Ray felt a hand tapping him on the shoulder. He glanced up. The broad face of Tucker Gaylord looked down at him.
“What the hell happened?”
Groggily, Ray forced himself to sit up. He gingerly touched the bump on his forehead.
“Butch dropped by and left me this,” he replied. “He swore he had nothing to do with the murder. I think he was really on the level about it. He could have pumped a bullet into me, but he didn’t. He warned me that someone else was gunning for me.”
“That’s crazy. How can you trust a guy that just knocked you unconscious? I’m not a detective, but you need to go see a doc about your head,” Tucker told him.
“Maybe, but why come tell me about it? I got something else from what he told me. There are more rats than just him involved in this racket.” Ray slowly got up from the floor.
“It has something to do with Bucky and his photographs,” he said, mostly to himself.
“What the hell are you saying?” Gaylord’s concerned face stared at Irish. “Are these tied together? How?”
Ray shrugged and walked to his desk. He opened the drawer and pulled out a pint of Irish whiskey. He took a shot from the bottle.
“It could be Butch’s foot just rattled my brain too much. However, I remembered Lumley was doing more than just taking shots of models. He told me he was experimenting with time-lapse photos on his camera. He was excited about his pictures of animals running around in the place at night.”
Ray took another swig.
“I’m willing to lay odds that someway, somehow, Bucky got pictures of the group leading the racket. I think it’s the tie-in that got him killed.”
Tucker remained quiet for a moment. Ray couldn’t tell what he was thinking.
“Pictures inside a dark building. I don’t see how he can do that, even with time exposure. I thought any movement would blur the picture.” Tucker ran his hand through his hair. He bent over to pick up Ray’s gun. “Maybe Bucky was yanking your chain?”
“No, he wasn’t joking,” Ray told him. “Not about photography. He’d bore you to death about it.”
“And if you’re wrong? What about the girls?” Tucker asked as he drifted to the desk. “You could get them killed.”
Ray paused, offering a drink to him. Tucker shook his head.
“I guess you’re right. I can’t forget about them,” Irish agreed. He picked up the phone.
“Who are you calling?” Tucker placed the pistol on the desk.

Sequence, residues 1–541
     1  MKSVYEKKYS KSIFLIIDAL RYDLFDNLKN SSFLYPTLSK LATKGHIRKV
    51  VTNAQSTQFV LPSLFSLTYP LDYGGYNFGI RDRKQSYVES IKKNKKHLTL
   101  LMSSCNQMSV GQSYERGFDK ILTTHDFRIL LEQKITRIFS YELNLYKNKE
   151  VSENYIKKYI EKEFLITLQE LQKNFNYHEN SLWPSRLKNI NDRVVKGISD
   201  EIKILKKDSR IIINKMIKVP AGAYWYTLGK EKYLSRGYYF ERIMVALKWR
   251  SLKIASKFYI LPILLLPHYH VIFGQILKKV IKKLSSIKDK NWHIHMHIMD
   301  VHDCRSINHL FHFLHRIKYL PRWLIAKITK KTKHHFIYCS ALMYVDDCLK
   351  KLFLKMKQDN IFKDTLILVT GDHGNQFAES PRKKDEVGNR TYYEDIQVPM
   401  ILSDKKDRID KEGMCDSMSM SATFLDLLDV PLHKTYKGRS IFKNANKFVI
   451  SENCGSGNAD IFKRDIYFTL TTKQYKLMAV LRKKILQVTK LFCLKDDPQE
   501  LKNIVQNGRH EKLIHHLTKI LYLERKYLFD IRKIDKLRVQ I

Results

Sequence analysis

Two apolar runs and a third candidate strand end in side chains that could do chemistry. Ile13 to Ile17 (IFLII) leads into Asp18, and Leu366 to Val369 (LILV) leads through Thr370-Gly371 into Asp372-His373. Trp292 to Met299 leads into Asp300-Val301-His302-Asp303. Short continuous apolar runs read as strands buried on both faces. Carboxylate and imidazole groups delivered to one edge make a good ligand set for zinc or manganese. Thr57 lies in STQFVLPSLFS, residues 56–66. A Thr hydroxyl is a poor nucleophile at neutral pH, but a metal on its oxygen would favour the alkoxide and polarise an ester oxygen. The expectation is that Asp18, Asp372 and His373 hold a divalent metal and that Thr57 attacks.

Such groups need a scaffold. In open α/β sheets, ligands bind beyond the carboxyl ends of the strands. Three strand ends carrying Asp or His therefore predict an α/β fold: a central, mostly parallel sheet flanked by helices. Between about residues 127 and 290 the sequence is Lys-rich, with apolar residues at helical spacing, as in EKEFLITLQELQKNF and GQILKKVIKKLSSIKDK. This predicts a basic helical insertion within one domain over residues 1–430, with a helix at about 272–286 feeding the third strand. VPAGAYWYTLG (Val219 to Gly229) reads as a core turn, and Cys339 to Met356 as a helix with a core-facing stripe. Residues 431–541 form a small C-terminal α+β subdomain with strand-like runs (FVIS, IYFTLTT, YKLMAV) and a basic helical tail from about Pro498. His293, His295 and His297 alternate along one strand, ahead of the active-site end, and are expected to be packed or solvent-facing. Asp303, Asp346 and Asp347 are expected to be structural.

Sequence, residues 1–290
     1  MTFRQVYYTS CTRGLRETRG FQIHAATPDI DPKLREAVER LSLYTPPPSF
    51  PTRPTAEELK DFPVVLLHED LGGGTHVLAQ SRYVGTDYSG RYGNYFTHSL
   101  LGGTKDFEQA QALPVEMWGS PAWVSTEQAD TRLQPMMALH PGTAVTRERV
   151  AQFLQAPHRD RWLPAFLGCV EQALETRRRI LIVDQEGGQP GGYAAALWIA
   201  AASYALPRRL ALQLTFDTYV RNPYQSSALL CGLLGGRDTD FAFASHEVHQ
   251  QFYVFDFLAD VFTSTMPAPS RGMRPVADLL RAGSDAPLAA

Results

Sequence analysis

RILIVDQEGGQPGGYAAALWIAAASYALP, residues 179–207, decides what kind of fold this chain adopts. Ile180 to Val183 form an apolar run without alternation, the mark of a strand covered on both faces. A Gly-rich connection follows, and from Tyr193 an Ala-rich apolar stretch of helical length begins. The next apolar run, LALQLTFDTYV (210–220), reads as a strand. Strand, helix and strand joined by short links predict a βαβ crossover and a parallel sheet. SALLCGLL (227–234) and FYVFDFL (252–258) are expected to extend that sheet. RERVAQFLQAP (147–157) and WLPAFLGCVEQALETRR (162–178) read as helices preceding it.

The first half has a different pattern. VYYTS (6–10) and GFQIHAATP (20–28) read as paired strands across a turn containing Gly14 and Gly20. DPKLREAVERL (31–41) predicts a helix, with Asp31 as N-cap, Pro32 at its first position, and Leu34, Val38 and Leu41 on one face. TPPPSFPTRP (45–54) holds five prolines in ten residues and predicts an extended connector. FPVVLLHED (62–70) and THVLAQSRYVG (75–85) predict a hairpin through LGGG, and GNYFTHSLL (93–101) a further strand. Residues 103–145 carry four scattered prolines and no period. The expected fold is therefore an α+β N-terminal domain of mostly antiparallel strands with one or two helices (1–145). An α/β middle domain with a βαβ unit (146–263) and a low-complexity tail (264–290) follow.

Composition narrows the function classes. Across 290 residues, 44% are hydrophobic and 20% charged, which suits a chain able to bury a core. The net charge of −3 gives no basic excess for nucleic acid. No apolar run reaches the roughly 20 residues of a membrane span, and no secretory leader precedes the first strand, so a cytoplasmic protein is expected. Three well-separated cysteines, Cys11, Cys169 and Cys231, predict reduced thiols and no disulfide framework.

Ray shook his head, ignoring him. As the phone rang, he picked up his gun.
“Sirk, it’s Ray Irish,” he spoke into the handset. “Did you find any infrared film in Bucky’s darkroom, especially on the floor in that mess?” He paused while the detective grumbled about not being a message boy.
“Don’t give me that crap,” Ray told him. “It could be important to your case.”
“Alright, I’ll bite,” the policeman told him. “Yes, someone exposed several rolls of the stuff intentionally. Now tell me why it’s important.”
“Can you develop any of that film?” the shamus asked. As he listened to the answer, his shoulders sagged.
“Nah, we found every can open up. We wondered why. You have a theory?”
“There’s a tie in between Butch Grimes and a silent partner who is involved in a racket with those clothing merchants along Dock Avenue,” Irish stated. “I think Bucky got a picture of them together. It might be the motive for bumping him off.”
“Might be? What am I supposed to do with that?” Sirk complained.
“Maybe you pick up Butch to expose the whole thing,” he replied. “He might have an alibi, but maybe his partner doesn’t. Light a fire and get the rats to scatter.”
Sirk grunted at the suggestion, then told Irish he would think about it. He hung up before Ray could push.
“Well, what happened?” Tucker asked.
“I think I lit a fire,” Ray told him. “But I’ve got another idea just in case. Are you still willing to help get the girls out of town? Maybe this evening?”
“Sure…I mean, why this evening?” Tucker seemed distracted.
“I’ve got some ideas. I need Clarissa to help me.” Ray went to his coat rack and pulled on his fedora. He looked down at his suit and decided the wrinkled cloth would wait.
“I think you know who the silent partner is,” Gaylord stated.
“Yeah, I’m going to check on the girls and then Swan. I’ll meet you later at your hotel later,” he told him.
“What happened to you?” Clarissa asked when she saw Ray’s beat up face.
“Grimes came by to visit me last night. He left me sleeping like a baby.” He tried to grin, but stopped at her stony stare.
“How are you and Louise doing?”
“Worried, but nobody’s bothered us,” she told him.
Dressed to leave in her light blue blouse and dark blue pantsuit and she I pinned her hair up.